How Beijing’s hackers compromised US government networks in six states by exploiting a flaw in a cattle-counting system

A Chinese government-sponsored cyber spying group reportedly compromised multiple computer networks in six U.S. states by exploiting a dangerous vulnerability in a counting system for the livestock industry as part of an escalation in cyberattacks against public and private organizations in the West.

According to Mandiant researchers, hackers from APT41 or Double Dragon, one of China’s most dangerous hacking groups, exploited a zero-day vulnerability in USAHerds, an application used by agriculture officials to track the health and density of cattle in the U.S.

After exploiting the flaw, hackers deployed a malware variant for Windows, forcing a system restart periodically as a scheduled task to ensure the persistence of the malware on the system.

Rufus Brown, a researcher at Mandiant, said: “APT41 has focused primarily on state government networks in the U.S., and also in some areas of South Asia.” The expert mentions that attackers resort to all kinds of hacking variants, including SQL injections, deserialization attacks, and even the exploitation of the dangerous vulnerability in Log4j.

In his report, Mandiant acknowledges that there is still little information about the potential objectives that this campaign pursues, so the investigation will continue ongoing until the specialists have more conclusive information.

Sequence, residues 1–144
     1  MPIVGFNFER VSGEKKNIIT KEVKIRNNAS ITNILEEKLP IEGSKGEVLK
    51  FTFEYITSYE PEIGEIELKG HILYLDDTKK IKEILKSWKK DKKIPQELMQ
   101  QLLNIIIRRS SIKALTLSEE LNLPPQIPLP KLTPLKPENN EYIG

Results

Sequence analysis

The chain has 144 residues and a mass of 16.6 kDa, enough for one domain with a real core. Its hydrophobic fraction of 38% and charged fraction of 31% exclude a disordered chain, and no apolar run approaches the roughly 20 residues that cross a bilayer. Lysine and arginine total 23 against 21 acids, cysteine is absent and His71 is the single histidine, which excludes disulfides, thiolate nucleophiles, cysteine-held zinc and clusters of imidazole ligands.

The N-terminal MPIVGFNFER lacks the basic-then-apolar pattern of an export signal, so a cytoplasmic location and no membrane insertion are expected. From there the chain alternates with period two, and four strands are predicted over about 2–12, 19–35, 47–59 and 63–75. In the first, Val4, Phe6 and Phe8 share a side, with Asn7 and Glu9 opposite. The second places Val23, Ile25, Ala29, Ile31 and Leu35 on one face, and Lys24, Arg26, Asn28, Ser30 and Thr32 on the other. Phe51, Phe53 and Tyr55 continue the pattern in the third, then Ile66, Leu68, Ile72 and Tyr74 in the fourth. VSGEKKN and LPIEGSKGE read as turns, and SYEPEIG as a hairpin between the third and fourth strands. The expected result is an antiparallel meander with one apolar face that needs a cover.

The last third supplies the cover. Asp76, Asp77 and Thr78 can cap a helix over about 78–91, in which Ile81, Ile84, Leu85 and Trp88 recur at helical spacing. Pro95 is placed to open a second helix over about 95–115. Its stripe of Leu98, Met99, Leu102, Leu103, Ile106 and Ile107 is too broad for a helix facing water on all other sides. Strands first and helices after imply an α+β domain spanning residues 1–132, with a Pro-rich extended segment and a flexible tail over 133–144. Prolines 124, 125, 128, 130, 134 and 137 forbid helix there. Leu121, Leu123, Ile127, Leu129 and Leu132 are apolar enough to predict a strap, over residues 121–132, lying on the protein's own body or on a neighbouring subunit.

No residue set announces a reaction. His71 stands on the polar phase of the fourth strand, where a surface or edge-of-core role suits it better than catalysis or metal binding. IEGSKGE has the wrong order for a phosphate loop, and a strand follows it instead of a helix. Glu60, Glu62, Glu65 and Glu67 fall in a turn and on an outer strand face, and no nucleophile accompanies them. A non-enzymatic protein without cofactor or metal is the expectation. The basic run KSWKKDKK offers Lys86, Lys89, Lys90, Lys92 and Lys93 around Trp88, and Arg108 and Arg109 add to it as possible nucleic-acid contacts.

On the other hand, a Report by Proofpoint published an investigation into a hacking group identified as TA416, a completely different operation to APT41: “We believe that the tactics used by both actors are very different and we see no parallels between these groups,” says Proofpoint threat director Sherrod DeGrippo.

According to the report, this group has been exploiting some security flaws to deliver malicious URLs and install plugX malware payloads. The researchers mention that TA416 is responsible for a campaign directed against government and diplomatic entities in Europe, which began a couple of weeks ago with Russia’s military invasion of Ukraine.

TA416 delivers PlugX’s malicious payload using emails with links to a Dropbox profile much like a campaign detected in 2014 using the same remote access Trojan (RAT).

These campaigns are still active, so affected researchers and organizations are still looking for the best ways to prevent further security incidents in the near future.

To learn more about information security risks, malware variants, vulnerabilities and information technologies, feel free to access the International Institute of Cyber Security (IICS) websites.